Our new writer Laurel Palmer reviews the new split from modern hardcore stalwarts Pianos Become The Teeth and Touche Amore. Read on to see what she thought!
Pianos Become the Teeth and Touche Amore are two bands to which many choose to designate the screamo/post hardcore label. Over time the meaning of these labels has been diluted by the more conventional radio friendly/Warped Tour “hardcore” that overwhelms the genre. It is fitting that amidst the oversaturated pantheon of hardcore, these two diamonds in the rough have chosen to unite to offer us something truly special. To uncover why these bands are worthy of your time, look no further than their purer post hardcore roots, drawing influence from first wave genre heavyweights such as Orchid and Envy. This split sees the bands contribute a track each to create a short, but sweet helping of post hardcore goodness.
Pianos Become the Teeth’s “Hiding” is a significant departure from their usual material with the adoption of vocals that are cleaner and more melodic. While maintaining a vulnerable, sincere delivery, vocalist Kyle Durfey manages to convey his painfully honest and haunting lyrics in a manner that is palpable to the senses. The guitars set the tone for each line; sometimes lilting and sympathetic, other times channelling the slow boil of anger morphing into frustration and resentment. “Hiding” swells and lapses again and again, projecting a full spectrum of emotions before ending in a nine second silence – long enough to pause for reflection before the needle starts to drift. This may not be the usual fare for hardcore or even post-hardcore fans, but this track shares a very obvious common thread with side two of this split.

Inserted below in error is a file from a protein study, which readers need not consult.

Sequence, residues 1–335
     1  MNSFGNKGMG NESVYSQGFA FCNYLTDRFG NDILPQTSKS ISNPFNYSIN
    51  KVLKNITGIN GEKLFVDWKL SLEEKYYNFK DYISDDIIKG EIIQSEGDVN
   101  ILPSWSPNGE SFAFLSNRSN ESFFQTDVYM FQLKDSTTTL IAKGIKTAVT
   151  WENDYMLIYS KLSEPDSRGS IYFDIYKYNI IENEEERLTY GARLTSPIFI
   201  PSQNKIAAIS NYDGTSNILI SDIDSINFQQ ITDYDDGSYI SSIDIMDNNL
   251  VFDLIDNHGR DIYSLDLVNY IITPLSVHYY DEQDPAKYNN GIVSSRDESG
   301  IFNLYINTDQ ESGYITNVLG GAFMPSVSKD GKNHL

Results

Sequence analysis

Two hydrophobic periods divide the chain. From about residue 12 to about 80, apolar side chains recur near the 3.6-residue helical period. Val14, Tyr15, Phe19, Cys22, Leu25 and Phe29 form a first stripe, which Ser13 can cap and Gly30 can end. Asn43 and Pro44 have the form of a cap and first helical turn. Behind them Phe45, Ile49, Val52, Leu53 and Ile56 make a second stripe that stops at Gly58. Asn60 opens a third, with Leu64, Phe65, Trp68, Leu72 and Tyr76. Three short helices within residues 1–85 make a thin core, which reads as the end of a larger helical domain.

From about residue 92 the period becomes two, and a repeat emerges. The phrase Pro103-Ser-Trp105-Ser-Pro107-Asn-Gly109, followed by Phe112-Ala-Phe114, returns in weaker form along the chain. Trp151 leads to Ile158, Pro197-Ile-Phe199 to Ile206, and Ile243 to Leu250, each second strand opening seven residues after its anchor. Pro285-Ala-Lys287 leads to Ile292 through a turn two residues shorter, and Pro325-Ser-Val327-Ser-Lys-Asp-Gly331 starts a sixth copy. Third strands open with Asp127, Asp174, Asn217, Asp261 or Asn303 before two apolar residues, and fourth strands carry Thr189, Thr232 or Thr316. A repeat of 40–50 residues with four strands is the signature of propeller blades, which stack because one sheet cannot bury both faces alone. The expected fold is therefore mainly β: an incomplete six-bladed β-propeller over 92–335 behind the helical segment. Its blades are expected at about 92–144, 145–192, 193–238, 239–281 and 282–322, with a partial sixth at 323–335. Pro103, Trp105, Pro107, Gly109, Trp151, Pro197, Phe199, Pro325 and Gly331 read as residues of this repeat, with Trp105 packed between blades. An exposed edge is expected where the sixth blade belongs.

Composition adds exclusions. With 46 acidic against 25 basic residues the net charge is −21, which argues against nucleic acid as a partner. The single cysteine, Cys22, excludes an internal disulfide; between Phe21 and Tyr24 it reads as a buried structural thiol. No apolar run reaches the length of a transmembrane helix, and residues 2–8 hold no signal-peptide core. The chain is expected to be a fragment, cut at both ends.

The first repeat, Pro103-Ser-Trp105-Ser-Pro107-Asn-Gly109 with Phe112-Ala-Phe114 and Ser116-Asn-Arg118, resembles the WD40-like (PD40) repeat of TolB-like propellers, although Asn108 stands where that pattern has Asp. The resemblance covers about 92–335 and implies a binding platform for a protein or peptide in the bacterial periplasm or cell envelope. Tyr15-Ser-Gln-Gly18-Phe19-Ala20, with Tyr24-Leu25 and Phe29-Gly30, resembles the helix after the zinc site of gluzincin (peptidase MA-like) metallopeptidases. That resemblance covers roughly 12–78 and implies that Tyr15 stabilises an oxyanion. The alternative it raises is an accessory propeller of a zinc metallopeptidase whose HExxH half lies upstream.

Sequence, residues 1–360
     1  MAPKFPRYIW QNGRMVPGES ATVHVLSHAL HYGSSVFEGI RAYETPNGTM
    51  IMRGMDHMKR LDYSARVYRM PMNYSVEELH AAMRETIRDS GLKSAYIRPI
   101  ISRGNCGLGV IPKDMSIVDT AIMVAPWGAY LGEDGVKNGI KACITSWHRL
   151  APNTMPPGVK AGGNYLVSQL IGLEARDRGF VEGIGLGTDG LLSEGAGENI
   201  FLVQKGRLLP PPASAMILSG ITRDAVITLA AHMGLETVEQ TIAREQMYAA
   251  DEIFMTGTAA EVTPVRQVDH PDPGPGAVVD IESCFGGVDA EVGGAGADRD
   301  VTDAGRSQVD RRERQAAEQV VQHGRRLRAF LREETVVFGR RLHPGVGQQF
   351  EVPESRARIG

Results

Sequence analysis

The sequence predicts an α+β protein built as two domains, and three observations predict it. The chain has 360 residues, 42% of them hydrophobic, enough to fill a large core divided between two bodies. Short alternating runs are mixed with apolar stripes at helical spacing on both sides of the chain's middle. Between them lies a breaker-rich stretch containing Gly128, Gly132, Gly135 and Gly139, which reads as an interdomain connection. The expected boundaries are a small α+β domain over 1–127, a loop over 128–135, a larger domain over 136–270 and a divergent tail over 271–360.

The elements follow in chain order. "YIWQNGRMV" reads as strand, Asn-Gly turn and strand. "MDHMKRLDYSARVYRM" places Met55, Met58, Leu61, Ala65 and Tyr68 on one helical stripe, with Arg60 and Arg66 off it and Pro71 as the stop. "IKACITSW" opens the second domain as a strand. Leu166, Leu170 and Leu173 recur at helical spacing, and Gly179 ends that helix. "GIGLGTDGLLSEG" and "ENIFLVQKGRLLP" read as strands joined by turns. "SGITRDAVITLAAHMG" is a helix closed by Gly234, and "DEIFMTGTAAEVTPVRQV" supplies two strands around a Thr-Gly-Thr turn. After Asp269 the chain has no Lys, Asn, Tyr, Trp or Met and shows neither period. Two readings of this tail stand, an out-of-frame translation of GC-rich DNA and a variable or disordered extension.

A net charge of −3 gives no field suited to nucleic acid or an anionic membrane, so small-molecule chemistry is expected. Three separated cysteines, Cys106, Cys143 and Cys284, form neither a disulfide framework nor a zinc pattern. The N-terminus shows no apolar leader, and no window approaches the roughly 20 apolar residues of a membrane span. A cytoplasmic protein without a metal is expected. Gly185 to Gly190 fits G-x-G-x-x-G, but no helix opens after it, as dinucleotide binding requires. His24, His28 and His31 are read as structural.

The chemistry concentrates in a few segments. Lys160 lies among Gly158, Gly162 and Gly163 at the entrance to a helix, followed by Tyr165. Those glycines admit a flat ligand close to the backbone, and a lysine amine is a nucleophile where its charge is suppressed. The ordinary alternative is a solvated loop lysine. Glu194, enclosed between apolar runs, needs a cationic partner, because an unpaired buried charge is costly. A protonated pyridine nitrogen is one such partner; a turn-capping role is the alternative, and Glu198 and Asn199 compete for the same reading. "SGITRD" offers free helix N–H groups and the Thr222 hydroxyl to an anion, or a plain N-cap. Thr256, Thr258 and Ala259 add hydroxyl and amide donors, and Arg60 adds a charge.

Touche Amore’s track “Gravity, Metaphorically” is over four minutes in length, which is uncharacteristically extensive for the band, but in that time manages to artfully span two different genres. The song begins with heavy, steadily driving percussion, stripped down yet powerful guitar work, and fluid bass lines. The vocals are impassioned but not quite harsh enough to be qualified as abrasive. Near the two minute mark the tone changes abruptly – transforming into a more fragile creature of melody punctuated by jangling guitar chords. The song gradually builds heaviness again- but this time the impact derives from raw emotion rather than galloping drums and crushing guitars. Touche Amore demonstrate their growth as a band on this split by starting out with their American Nightmare roots clearly manifest, but then seamlessly transitioning into something more reminiscent of the elegant post rock minimalism of Explosions in the Sky with added vocals. Even though it’s only one track, this won’t leave you wanting.
The split has been released digitally this week, with the physical copies set to come out on January 22 through Deathwish Inc. and Topshelf Records. And yes, one of the colour options for the vinyl edition is half electric blue/half gold… Needless to say, I am genuinely disappointed to have missed out on the preorder!